The Graduate - adapted for stage by Terry Johnson
based on the novel by Charles Webb
and the screenplay by Calder Willingham and Buck Henry
Directed by Lois Anderson,
Granville Island Stage,
Arts Club Theatre Company,
Apr 14- May 14 , 2011
Vancouver, BC: It is always an interesting anticipation when one looks at an adaptation of a work in one genre into another form, whether book to film, film to musical or film to play. It becomes even more of an interest when the new work is adapted from an iconic original.
The Will Rogers Follies 'A Life in Revue'
Book: Peter Stone Music: Cy Coleman
Lyrics: Betty Comden and Adolf Green
Directed and choreographed by Valerie Easton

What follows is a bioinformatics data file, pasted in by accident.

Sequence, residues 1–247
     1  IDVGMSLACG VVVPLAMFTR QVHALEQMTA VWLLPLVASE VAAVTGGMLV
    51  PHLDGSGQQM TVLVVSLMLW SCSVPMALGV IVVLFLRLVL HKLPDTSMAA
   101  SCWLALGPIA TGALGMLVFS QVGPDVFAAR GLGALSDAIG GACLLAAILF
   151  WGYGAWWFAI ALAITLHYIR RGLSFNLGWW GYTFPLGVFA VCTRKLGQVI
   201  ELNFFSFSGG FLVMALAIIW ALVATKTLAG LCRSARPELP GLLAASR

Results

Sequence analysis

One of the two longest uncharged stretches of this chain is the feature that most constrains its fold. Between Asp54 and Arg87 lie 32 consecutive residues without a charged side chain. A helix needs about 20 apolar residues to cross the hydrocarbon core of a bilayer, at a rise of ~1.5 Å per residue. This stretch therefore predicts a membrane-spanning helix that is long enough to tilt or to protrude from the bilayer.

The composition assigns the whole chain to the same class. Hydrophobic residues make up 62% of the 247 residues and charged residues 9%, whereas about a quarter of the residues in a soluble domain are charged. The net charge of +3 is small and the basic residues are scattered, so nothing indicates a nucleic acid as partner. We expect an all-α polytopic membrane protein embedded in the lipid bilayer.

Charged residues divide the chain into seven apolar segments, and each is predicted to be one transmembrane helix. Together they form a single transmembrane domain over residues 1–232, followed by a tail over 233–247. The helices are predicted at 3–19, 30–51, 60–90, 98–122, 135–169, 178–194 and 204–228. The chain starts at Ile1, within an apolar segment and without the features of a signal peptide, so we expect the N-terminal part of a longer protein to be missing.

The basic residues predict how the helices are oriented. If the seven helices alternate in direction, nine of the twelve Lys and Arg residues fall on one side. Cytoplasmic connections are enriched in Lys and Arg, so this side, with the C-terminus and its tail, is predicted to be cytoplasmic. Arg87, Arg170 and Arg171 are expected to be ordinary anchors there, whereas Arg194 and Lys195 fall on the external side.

Musical Director James Bryson
A Royal City Musical Theatre production
Apr 7 - 24, 2011
Vancouver, BC: The Royal City Musical Theatre's production of The Will Rogers Follies is an entertainment packed spectacle with a gorgeously costumed ensemble of sparkling young singers and dancers supporting the principal cast of Matt Palmer (Will Rogers), Sara-Jeanne Hosie (Betty Blake), Tyson Coady (Clem Rogers), Laura McNaught (Ziegfeld's favorite) and Dimitrios Stephanoy (Wiley Post).
It is somewhat embarrassing for me to admit that in all the time I have lived in Vancouver I have never been out to the Massey Theatre nor seen one of the Royal City Musical Theatre productions until now. But last night I finally made it out to New Westminster to see the The Will Rogers Follies and I will definitely be watching out for their future productions.
Another Home Invasion by Joan MacLeod
Directed by Richard Rose